In his column today, Charles Krauthammer summarizes a talking point about the NSA's spying programs that's already getting a lot of air time on the right:
The object is not to abolish these vital programs. It’s to fix them. Not exactly easy to do amid the current state of national agitation — provoked largely because such intrusive programs require a measure of trust in government, and this administration has forfeited that trust amid an unfolding series of scandals and a basic problem with truth-telling.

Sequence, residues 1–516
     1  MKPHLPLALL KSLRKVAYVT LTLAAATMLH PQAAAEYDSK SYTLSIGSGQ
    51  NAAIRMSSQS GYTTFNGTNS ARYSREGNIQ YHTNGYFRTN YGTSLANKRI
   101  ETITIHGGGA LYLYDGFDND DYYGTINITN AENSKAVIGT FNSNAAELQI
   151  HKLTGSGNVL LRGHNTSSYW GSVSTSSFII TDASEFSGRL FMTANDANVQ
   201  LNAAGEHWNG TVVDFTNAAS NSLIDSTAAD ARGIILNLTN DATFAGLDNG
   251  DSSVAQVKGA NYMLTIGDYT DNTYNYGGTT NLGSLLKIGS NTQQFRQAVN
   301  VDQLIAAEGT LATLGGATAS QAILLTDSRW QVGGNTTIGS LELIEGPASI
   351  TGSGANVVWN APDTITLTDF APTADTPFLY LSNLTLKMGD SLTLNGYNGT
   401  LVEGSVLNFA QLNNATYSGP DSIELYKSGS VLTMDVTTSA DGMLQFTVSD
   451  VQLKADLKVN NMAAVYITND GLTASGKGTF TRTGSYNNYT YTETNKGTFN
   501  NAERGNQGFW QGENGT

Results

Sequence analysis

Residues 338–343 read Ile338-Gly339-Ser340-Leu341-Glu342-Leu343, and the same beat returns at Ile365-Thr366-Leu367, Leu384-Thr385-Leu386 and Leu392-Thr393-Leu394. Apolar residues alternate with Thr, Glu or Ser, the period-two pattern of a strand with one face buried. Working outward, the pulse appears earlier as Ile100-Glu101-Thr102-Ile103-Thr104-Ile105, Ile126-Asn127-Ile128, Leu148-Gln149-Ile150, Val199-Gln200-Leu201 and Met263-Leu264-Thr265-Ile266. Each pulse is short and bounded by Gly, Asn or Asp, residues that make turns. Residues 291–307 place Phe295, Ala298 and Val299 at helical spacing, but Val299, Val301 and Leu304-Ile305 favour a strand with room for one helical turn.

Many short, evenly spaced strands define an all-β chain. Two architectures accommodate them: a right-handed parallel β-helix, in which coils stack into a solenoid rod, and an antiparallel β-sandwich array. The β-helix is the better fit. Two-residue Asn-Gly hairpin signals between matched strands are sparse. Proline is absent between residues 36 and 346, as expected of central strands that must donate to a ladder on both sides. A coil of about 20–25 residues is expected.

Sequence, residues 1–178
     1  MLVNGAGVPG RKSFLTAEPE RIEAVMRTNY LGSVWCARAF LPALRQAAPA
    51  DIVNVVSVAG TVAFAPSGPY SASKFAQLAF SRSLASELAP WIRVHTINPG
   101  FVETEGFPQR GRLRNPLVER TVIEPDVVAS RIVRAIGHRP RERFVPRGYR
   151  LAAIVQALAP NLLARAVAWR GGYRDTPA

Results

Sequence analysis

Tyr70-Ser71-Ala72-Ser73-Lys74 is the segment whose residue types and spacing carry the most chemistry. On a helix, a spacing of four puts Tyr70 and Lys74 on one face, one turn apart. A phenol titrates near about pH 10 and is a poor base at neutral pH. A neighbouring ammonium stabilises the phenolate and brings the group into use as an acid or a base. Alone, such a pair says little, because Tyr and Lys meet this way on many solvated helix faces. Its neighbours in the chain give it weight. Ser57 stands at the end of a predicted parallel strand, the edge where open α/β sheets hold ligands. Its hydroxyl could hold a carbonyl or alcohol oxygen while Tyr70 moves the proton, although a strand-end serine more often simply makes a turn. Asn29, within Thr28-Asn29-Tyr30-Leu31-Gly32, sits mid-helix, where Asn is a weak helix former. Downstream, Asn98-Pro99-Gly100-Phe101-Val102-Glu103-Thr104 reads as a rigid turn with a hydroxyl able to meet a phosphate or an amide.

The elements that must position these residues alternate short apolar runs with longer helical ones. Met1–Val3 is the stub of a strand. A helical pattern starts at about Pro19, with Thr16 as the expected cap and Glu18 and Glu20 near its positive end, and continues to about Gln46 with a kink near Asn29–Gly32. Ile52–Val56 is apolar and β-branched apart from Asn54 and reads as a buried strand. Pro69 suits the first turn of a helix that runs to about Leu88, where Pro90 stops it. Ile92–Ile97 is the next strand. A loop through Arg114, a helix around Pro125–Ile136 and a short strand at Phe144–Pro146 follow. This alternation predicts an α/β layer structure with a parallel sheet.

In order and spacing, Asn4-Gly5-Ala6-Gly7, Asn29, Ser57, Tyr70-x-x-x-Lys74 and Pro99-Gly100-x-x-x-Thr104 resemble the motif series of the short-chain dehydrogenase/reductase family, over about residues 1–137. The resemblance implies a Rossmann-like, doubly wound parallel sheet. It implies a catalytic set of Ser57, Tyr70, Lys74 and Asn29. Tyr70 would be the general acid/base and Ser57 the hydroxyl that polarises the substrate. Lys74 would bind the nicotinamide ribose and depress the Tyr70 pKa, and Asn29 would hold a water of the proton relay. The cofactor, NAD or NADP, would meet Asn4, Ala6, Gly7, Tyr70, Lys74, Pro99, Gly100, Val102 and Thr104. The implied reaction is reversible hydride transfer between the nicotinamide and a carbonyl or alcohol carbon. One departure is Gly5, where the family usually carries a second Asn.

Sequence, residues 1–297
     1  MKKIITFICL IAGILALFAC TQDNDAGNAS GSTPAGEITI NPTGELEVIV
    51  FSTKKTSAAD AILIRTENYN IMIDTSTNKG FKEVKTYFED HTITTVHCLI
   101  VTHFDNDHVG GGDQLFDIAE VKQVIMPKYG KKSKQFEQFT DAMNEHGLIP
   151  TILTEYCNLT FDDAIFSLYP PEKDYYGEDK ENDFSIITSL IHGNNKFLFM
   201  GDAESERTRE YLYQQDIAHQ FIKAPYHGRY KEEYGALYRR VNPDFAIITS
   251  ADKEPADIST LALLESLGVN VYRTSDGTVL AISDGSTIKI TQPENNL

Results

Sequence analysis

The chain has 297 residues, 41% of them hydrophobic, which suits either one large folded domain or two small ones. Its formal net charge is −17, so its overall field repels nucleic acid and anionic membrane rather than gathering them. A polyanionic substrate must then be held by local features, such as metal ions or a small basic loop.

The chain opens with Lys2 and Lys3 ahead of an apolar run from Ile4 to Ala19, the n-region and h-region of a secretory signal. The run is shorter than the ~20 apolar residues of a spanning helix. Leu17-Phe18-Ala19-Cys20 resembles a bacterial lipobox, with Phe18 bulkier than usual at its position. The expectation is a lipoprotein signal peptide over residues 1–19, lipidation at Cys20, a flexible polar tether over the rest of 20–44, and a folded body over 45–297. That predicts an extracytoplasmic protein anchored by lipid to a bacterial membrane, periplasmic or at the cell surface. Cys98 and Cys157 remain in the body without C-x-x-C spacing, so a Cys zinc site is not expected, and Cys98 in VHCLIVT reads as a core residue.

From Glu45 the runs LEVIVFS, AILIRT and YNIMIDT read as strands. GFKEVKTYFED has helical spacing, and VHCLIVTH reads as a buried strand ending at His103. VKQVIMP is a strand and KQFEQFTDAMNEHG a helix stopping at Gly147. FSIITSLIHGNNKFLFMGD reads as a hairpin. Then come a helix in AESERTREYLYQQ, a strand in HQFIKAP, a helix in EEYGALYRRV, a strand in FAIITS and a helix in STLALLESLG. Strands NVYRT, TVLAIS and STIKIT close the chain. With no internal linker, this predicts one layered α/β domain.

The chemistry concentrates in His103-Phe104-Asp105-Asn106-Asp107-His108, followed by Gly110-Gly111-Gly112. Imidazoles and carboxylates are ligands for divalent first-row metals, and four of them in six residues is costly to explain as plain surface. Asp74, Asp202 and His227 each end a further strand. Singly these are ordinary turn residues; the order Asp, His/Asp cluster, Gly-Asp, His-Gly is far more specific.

To summarize: People are groundlessly suspicious of vital panopticonish surveillance programs, and this is all due to Barack Obama's weaselly ways, not to the Republican Party's relentless 30-year campaign to destroy the public's faith in domestic programs of all sorts, mock the very idea that government accomplishes anything useful, and pander to the black-helicopter conspiracy theories of the Glenn Beck crowd.
Sorry Charlie, that's not going to fly. If you spend decades inventing scandals out of whole cloth and insisting that big government is a menace to liberty, don't be surprised when it turns out that an awful lot of people no longer have any trust in government. You reap what you sow.